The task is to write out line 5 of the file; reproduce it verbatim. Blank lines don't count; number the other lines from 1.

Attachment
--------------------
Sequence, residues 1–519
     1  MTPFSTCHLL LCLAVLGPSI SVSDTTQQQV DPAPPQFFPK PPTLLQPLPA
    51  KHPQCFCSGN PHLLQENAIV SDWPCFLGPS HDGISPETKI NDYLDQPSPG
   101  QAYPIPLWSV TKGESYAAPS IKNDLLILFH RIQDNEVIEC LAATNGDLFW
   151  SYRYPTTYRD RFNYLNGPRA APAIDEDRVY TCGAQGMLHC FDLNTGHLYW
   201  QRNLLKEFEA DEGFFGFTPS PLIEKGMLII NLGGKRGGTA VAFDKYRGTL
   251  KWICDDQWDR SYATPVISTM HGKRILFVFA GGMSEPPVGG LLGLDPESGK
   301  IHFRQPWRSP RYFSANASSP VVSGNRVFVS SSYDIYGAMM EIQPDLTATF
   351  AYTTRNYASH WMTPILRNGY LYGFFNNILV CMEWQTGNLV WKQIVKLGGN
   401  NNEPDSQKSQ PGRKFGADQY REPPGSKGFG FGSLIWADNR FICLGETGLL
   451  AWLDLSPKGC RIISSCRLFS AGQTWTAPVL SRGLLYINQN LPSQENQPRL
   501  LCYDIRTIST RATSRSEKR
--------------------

   151  SYRYPTTYRD RFNYLNGPRA APAIDEDRVY TCGAQGMLHC FDLNTGHLYW